Spider-Man: Far From Home

June 28, 2019 by  
Filed under Jerrod, Reviews

Starring: Tom Holland, Zendaya, Jake Gyllenhaal
Directed by: Jon Watts (“Spider-Man: Homecoming”)
Written by: Chris McKenna & Erik Sommers (“Spider-Man: Homecoming”)

Here we are, in the first visit back to the Marvel Cinematic Universe since the events of “Avengers: Endgame,” namely the return of everyone disappeared in “the snap” and death of Tony Stark (Robert Downey Jr.), and we’re spending that time with his protégé (and heir apparent?) Peter Parker (Tom Holland) in “Spider-Man: Far From Home.” With Iron Man gone and Captain America now a nonagenarian, who’s left to lead the Avengers?

Eight months after the reversal of “the blip” where half of all life in the universe disappeared, the public seems to think the answer is Spider-Man. Though after being re-blipped into existence, all Peter wants to do is take his school trip to Europe and, hopefully, profess his love to his snarky crush MJ (Zendaya) atop the Eiffel Tower. But Nick Fury (Samuel L. Jackson) has other ideas for the web slinger, with the arrival of monstrous creatures known as Elementals, who are wreaking havoc across the globe.

Fury hijacks Peter’s trip, pressing him into service with Quentin Beck (Jake Gyllenhaal), a hero from another version of Earth who lost his family in a battle with the Elementals. Dubbed Mysterio by Peter and the media, the noble Beck is seemingly the perfect person to step into the vacant Avengers leadership role, and to take the pressure off the unsure Spider-Man. But things aren’t always what they seem.

Less of a standard superhero adventure and more of a Marvel spin on “National Lampoon’s European Vacation” or “Eurotrip,” “Far From Home” leans heavily into comedy more so than perhaps any other movie in the MCU so far. The film, tasked with rebuilding a sort of normal after “Endgame,” plays most everything for laughs, from the logistics of what happened when “the blip” was reversed to the technological legacy Stark leaves behind for Peter. Holland’s Parker holds it altogether as the awkward teenage straight man, though the film’s somewhat lumpy narrative and too-long runtime suck a little fun out of the whole thing. And as the MCU looks to pivot to focus on the friendly neighborhood Spider-Man for phase four, “Far From Home” can’t help but do a little table setting in its two post-credits sequences. The first one, featuring a delightfully perfect cameo, makes for an interesting cliffhanger that will leave you tingling for what’s coming next.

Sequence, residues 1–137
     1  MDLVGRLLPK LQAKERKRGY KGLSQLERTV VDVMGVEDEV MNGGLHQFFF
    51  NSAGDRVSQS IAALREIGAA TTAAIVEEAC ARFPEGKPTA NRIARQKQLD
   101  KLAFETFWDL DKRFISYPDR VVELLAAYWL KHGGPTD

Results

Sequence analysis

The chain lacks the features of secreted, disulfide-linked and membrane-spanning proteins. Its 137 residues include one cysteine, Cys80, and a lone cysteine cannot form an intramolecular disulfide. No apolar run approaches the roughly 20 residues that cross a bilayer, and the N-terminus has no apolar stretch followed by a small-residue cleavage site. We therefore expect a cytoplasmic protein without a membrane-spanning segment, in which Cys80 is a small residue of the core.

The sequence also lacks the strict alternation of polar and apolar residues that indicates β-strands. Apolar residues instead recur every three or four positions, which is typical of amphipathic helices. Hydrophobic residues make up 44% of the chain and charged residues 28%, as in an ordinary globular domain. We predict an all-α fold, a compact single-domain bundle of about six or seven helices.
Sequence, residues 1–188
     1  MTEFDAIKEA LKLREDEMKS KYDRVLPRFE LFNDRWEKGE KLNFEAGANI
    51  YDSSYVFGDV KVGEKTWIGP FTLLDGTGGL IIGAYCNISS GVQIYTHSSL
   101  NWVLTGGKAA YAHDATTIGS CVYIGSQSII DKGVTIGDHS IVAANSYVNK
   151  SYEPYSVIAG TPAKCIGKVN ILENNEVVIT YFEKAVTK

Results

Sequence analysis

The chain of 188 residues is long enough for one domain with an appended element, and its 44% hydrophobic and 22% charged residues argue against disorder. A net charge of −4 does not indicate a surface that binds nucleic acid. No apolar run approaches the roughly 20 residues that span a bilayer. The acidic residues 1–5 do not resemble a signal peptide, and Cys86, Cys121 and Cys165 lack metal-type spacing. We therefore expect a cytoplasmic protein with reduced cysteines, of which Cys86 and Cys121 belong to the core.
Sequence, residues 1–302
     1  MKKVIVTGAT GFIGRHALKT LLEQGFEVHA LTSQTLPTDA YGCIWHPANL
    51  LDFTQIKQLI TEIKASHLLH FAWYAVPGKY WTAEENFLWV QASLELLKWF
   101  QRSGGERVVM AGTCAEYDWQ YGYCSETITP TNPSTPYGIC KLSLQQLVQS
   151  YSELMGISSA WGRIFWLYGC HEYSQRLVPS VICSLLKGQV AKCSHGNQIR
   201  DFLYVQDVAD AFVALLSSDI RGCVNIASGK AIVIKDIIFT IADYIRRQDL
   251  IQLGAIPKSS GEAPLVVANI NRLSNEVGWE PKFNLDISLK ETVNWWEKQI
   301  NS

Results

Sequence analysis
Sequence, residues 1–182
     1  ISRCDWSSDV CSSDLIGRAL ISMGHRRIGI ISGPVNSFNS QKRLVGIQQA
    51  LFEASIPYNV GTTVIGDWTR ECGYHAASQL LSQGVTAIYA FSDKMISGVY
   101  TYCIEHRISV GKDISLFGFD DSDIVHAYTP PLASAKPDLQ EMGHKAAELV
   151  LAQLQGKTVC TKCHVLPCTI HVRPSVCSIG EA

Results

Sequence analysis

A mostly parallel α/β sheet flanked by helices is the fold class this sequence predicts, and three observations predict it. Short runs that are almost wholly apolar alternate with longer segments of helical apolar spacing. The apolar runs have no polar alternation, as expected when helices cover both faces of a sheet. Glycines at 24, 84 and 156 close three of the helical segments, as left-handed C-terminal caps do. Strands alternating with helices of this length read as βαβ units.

Dark Phoenix

June 5, 2019 by  
Filed under Jerrod, Reviews

Starring: Sophie Turner, James McAvoy, Michael Fassbender
Directed by: Simon Kinberg (debut)
Written by: Simon Kinberg (“X-Men: Apocalypse”)

Here we are at the presumptive end of Fox’s X-Men series, and it all seems to be happening with a relative whimper. What started 19 years ago as part of the Big Bang of modern superhero movies draws to a close with a shrug in “Dark Phoenix,” the latest (and final?) film in the longest-running comic-book movie franchise ever—so far, anyway.

While all eight of the X-movies proper maintain a loose continuity with their immediate neighbors, the series has always been ready to throw it out the window at a moment’s notice. Which means to say, if the gist of “Dark Phoenix” seems a little familiar, it’s because this same storyline—based on a classic comic book arc—was sort of done back in 2006’s “X-Men: The Last Stand.”

Following the world-shattering events of the franchise low point “X-Men: Apocalypse,” things seem … sort of normal? It’s 1992 and the newly-launched Space Shuttle Endeavour has suffered some sort of problem on its maiden voyage by way of a mysterious solar flare. It’s up to Charles Xavier (James McAvoy) and his X-Men to save the day. Led by Mystique (Jennifer Lawrence, who proves in this film to be completely over playing the blue-faced mutant) and Hank McCoy (Nicholas Hoult), the team flies into space to save the astronauts. In the process, Jean Grey (Sophie Turner) gets caught in the explosion and the mysterious solar flare enters her body, sending her power off the charts.

Meanwhile, some aliens that are also after the power in the flare land on earth and mimic the humans they kill. One takes the shape of a woman (Jessica Chastain) and seeks out Jean, who has now discovered Charles has lied to her about her past, sending her over the edge.

In the age of world domination by the Marvel Cinematic Universe, these first-cousin-once-removed X-movies come across as downright cheapo and quaint. I mean, they’re full of physical stunts and JLaw is just wearing blue makeup and an unconvincing wig to play a shapeshifter, and Hoult has fake blue fur glued to his face. The goddamn Black Panther’s suit is CGI, even though there’s a real one on set! All in all, “Dark Phoenix” is entirely perfunctory, with confusing fight choreography, confounding character arcs, and completely unearned sentimentality. And even still, there are at least two worse X-Men adjacent movies. Now that Fox has been absorbed into Disney, all signs point to this being the wrap on a series that laid the groundwork for where the genre is today and created a bonafide movie star in Hugh Jackman. Thanks for your service, X-Men. We’ll see you in MCU phase 5, probably.